Britain is close to getting a new prime minister. Following Theresa May’s resignation, the Conservative Party has been engaged in the process of choosing a new leader; three rounds of voting by MPs have so far whittled the original field of ten down to just four: Boris Johnson, Jeremy Hunt, Michael Gove and Sajid Javid.
A further ballot (or two, if need be) tonight will reduce that to just two, and those two will then contest a postal ballot of all the party’s members, which will take place over the following month. A winner is expected to be announced on 22 July, and he (only two of the ten were women, and they were both eliminated in the first round) will presumably then be sworn in as prime minister.
That all makes it sound like a tale of gripping suspense, but in fact there is almost no doubt as to who the eventual winner will be. Boris Johnson, former foreign secretary and former mayor of London, has a wide lead among MPs and is expected, if anything, to do even better among the grass roots.
In the third round, Johnson had 143 votes to 54 for Hunt, 51 for Gove, 38 for Javid and 27 for Rory Stewart, who was eliminated. So unless there’s some huge defection from his supporters, it’s impossible for Johnson not to be in the top two – the only doubt is about who his opponent will be.
And that matters very little, because the differences between Hunt, Gove and Javid are minor. All of them base their appeal on simply not being Johnson; their policy differences with him (and with one another) are slight.
Gove, like Johnson, was a leader of the “leave” campaign in the 2016 Brexit referendum; Javid is also historically anti-European, although he nominally backed “remain” in 2016; Hunt was a more solid “remain” supporter, but says he has since changed his mind. All of them, like Johnson, have said they are willing to countenance a “no deal” outcome to ensure that Britain actually leaves the European Union.
And there’s not the slightest doubt that that’s what the Tory membership wants. Even in the unlikely event that the MPs had chosen a pro-European in the top two (Stewart was the only one to offer himself), they would have lost the postal ballot in a landslide.
Johnson will win because he has become the public face of reckless, uncompromising, hard-line Brexit. That’s what Conservatives in the constituencies overwhelmingly believe in – which, it’s fair to assume, is exactly why Johnson has taken that position.
But in the country as a whole it is very much a minority position. So the question for Johnson as prime minister will be whether he can somehow leverage that into a majority: either in the existing House of Commons, or in a new one if he chooses – or is forced into – an early election.
Stranger things have happened, but his prospects do not look good. Although May was repeatedly defeated in the Commons on her Brexit plan, she refused to treat that as a vote of no confidence in her. Johnson will probably not have that luxury.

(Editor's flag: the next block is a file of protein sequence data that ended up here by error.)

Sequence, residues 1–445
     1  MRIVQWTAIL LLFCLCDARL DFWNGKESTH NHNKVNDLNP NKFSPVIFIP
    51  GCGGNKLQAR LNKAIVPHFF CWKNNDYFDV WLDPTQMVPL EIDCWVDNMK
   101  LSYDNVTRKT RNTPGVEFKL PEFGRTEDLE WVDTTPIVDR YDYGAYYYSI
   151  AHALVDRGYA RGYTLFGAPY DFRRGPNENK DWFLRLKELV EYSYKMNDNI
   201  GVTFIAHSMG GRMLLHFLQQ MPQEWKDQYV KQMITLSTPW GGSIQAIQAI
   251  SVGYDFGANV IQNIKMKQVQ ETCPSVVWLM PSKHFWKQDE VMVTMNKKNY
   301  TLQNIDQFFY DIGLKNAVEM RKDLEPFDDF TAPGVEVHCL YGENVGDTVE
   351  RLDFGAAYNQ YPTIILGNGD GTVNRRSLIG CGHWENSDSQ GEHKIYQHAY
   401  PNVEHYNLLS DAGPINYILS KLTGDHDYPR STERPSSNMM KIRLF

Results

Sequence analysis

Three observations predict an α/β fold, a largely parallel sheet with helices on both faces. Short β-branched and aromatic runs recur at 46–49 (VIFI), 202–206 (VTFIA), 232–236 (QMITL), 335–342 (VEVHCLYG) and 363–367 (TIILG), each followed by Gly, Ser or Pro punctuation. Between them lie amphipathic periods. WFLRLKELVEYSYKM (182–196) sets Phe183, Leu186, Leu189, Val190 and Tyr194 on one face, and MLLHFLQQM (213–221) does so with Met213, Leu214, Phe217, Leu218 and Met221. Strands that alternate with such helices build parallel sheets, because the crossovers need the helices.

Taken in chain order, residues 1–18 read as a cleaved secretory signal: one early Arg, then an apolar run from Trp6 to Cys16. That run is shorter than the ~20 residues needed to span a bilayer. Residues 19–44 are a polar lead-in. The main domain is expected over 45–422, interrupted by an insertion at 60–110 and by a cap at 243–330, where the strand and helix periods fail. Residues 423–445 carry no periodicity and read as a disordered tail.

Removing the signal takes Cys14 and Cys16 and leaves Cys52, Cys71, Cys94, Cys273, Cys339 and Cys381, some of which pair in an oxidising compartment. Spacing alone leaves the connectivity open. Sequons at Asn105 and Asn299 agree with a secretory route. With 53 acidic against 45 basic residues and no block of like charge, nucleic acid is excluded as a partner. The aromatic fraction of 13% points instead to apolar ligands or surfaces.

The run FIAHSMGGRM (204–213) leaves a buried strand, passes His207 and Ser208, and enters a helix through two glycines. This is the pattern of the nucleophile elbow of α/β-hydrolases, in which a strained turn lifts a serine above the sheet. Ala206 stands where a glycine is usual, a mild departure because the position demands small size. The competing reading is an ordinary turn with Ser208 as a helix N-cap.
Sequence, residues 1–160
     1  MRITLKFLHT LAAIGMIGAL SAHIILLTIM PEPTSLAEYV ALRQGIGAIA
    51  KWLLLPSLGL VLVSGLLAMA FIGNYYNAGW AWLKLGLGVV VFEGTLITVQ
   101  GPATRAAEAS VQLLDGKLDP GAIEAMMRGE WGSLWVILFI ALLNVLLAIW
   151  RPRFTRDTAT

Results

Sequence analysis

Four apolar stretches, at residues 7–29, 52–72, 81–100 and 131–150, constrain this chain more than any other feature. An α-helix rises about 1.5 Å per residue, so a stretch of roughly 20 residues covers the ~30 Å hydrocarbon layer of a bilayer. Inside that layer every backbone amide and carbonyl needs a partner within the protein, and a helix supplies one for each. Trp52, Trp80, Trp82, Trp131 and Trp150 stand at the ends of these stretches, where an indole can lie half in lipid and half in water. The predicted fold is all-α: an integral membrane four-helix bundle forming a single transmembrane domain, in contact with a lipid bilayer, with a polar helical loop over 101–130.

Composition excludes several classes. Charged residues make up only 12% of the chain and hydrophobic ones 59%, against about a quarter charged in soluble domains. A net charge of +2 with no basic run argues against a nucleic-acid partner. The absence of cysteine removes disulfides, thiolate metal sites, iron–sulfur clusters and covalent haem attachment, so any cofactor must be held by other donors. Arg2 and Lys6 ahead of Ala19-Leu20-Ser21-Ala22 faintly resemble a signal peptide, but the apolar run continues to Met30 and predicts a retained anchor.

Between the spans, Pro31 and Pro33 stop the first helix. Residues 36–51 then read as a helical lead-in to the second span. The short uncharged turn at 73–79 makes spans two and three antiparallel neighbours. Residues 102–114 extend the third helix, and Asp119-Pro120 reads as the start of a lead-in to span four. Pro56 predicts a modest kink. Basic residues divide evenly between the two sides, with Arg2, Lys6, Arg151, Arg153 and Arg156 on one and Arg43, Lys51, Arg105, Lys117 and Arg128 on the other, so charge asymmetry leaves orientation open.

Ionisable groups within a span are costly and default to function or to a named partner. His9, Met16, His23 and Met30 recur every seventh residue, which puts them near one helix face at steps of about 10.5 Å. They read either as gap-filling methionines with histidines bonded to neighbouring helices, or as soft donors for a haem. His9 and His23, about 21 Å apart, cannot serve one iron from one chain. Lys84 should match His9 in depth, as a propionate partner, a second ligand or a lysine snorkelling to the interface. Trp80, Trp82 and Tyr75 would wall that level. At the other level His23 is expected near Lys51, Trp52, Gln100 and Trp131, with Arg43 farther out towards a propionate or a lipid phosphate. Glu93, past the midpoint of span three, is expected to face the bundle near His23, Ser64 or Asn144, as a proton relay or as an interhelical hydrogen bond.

May, for all her ineptitude, had two advantages that Johnson lacks. First, having won (albeit narrowly) a general election, she could claim a popular mandate, whereas Johnson will be relying on a parliament elected for someone else. Second, May stood roughly in the middle of the spectrum of views in the parliamentary Conservative Party, whereas Johnson is very much down near one end.
Both pro- and anti-Europeans were somewhat restrained in their opposition to May for fear that her defeat would let in something (by their lights) worse. But the pro-Europeans have no reason to be so restrained in relation to Johnson, since he already represents their worst-case scenario. Conversely, if Johnson backtracks on his enthusiasm for “no deal”, the sense of betrayal from the anti-Europeans will be all the more extreme.
And the scope for fudging the issue is steadily narrowing as the new Brexit deadline of 31 October looms closer. As prime minister Johnson will have to make decisions, and whatever he does is going to upset a substantial number of those whose votes he needs to survive.
As has become clear in recent months, there is no possible parliamentary majority for any particular Brexit option. And having been chosen to deliver Brexit, it’s hard to see how Johnson will be able to treat the inevitable defeat on his plan – whatever it turns out to be – as anything other than a matter of confidence.
He may forestall that outcome by going to an early election first, but the state of public opinion is such that the result would almost certainly be a House of Commons fragmented to an unprecedented degree, with the divisions over Brexit rivalling – perhaps even surpassing – the traditional party lines in importance.
In that environment, Johnson is unlikely to be a survivor. Jonathan Lis puts it well:
Whatever he attempts will fail, the country will turn on him, and eventually he’ll want to leave. Perhaps Johnson will achieve his life-long ambition, realise he never even wanted it, and it will be the happiest ending for both him and us.